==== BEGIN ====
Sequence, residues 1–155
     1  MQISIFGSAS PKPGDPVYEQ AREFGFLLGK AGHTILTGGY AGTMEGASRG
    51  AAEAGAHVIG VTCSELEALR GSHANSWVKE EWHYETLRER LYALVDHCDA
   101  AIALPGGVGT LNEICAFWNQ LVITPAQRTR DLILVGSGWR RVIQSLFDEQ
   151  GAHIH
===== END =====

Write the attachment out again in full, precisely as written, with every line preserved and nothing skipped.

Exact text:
Sequence, residues 1–155
     1  MQISIFGSAS PKPGDPVYEQ AREFGFLLGK AGHTILTGGY AGTMEGASRG
    51  AAEAGAHVIG VTCSELEALR GSHANSWVKE EWHYETLRER LYALVDHCDA
   101  AIALPGGVGT LNEICAFWNQ LVITPAQRTR DLILVGSGWR RVIQSLFDEQ
   151  GAHIH